Art Fitzpatrick, one half of the team that created some of the most eye-catching advertising artwork for General Motors from 1959 to 1971, passed away on November 14, 2015 in Carlsbad, California at the age of 96. His wife Betty planned a memorial tribute that was held in Carlsbad on November 24th, which would have been Art’s 97th birthday.
“Art Fitzpatrick is considered the creator of the most recognizable, successful, and influential auto-advertising artwork of all time,” stated Michael Spezia, Executive Director of the Gilmore Car Museum. “We were honored that Art chose the Gilmore as the home for his incredible work and were thrilled to have the rare opportunity to hear him tell of his experiences.”
Mr. Fitzpatrick donated several hundred pieces of his artwork—originals, ad mockups, and limited edition prints—to the Gilmore Car Museum in early 2015. Fifty works were selected to be showcased in an all-new art gallery that flanks the Automotive Heritage Center’s Main Gallery.
On June 5, 2015, Art gave a lecture on his astounding career to an enthusiastic crowd as part of a kick off for the Museum’s special exhibition “Mid-Century Performance.” It is believed to have been Art’s last public appearance. At nearly 97 years old, he was quick-witted with a sharp memory and took questions from a very appreciative audience after the lecture.
Motor Trend Magazine described Art as “more than an automotive icon [he was] a national treasure.” Fitzpatrick is best known for the hundreds of auto advertisements he turned out for Mercury, Lincoln, Nash, Plymouth, Kaiser, and Buick, and most notably for Pontiac between 1959 and 1971.
His artwork, often set in exotic locals, depicted romance and a glamour as never seen before in automotive advertising. Many see Fitzpatrick as a major influence to every car designer and automotive artist around the world today.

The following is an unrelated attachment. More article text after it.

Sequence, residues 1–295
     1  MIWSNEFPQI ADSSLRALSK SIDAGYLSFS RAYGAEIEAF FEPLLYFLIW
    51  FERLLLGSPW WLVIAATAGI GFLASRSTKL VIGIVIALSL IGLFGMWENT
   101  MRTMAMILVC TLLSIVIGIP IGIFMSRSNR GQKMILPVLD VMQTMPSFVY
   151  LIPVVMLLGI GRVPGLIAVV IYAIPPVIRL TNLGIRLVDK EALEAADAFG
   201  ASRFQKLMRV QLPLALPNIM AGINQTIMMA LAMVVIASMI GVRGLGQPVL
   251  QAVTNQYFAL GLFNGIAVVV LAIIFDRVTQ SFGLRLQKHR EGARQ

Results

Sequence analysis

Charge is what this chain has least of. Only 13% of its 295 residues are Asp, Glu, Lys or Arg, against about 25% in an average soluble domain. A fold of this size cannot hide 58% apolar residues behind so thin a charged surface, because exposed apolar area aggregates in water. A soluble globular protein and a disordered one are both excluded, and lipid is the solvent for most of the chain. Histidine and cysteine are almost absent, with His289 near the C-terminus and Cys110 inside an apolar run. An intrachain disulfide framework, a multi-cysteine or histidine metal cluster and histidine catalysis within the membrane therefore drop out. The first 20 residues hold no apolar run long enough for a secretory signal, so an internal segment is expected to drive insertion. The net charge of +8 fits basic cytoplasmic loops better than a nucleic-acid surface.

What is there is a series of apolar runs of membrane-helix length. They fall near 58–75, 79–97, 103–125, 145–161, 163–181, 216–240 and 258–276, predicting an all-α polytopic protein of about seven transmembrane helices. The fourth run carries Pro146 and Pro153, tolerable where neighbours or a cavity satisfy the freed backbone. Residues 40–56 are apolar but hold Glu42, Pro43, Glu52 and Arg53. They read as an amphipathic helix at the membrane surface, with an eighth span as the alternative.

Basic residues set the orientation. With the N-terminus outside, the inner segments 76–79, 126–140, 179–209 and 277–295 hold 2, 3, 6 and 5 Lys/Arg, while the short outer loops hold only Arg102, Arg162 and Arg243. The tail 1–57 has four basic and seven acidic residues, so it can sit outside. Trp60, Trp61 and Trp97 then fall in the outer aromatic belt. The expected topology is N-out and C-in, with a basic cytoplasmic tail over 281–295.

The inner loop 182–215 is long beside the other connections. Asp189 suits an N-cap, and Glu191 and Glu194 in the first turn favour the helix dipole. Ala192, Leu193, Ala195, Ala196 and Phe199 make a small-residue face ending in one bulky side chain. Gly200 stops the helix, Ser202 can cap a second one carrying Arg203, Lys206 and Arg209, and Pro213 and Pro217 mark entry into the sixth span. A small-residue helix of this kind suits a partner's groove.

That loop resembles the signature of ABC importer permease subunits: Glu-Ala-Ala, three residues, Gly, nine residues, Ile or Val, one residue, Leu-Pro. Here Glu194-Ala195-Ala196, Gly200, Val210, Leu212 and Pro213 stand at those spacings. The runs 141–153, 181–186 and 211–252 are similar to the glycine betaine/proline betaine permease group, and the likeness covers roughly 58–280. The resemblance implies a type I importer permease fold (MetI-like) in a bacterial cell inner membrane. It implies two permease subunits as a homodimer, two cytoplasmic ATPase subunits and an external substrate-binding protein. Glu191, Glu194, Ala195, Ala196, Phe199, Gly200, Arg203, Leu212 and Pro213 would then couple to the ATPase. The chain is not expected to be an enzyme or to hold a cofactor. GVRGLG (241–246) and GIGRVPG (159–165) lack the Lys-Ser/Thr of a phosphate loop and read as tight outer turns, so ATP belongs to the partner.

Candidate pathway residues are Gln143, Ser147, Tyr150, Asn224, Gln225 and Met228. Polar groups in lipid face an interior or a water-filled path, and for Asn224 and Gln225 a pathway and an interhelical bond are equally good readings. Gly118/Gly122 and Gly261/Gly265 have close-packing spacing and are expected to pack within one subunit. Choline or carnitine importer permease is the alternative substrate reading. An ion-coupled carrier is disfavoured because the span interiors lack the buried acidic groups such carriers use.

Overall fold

“Fitzpatrick was considered the last surviving designer from the classic era,” points out Todd Lassa of AUTOMOBILE magazine. “He designed custom-bodied prewar Packards for Howard “Dutch” Darrin, worked for John Tjaarda at Briggs Body, briefly for Harley Earl’s General Motors design staff, for Hudson and Packard, before serving in the U.S. Navy during World War II.”
After the war, Fitzpatrick began to illustrate automotive ads and designed appliances for General Electric. During his astounding seven decades of award winning work, Art produced everything from automotive designs to best-selling commemorative US Postal stamps, accumulating over 50 major art and design awards.
“We will be forever grateful for Art and Betty’s generous gift to the Museum, where his legacy will grow for generations to come,” said Michael Spezia. “We consider it an honor to have his collection here and we pledge to forever be trustworthy stewards of the history of this incredible man and his work.”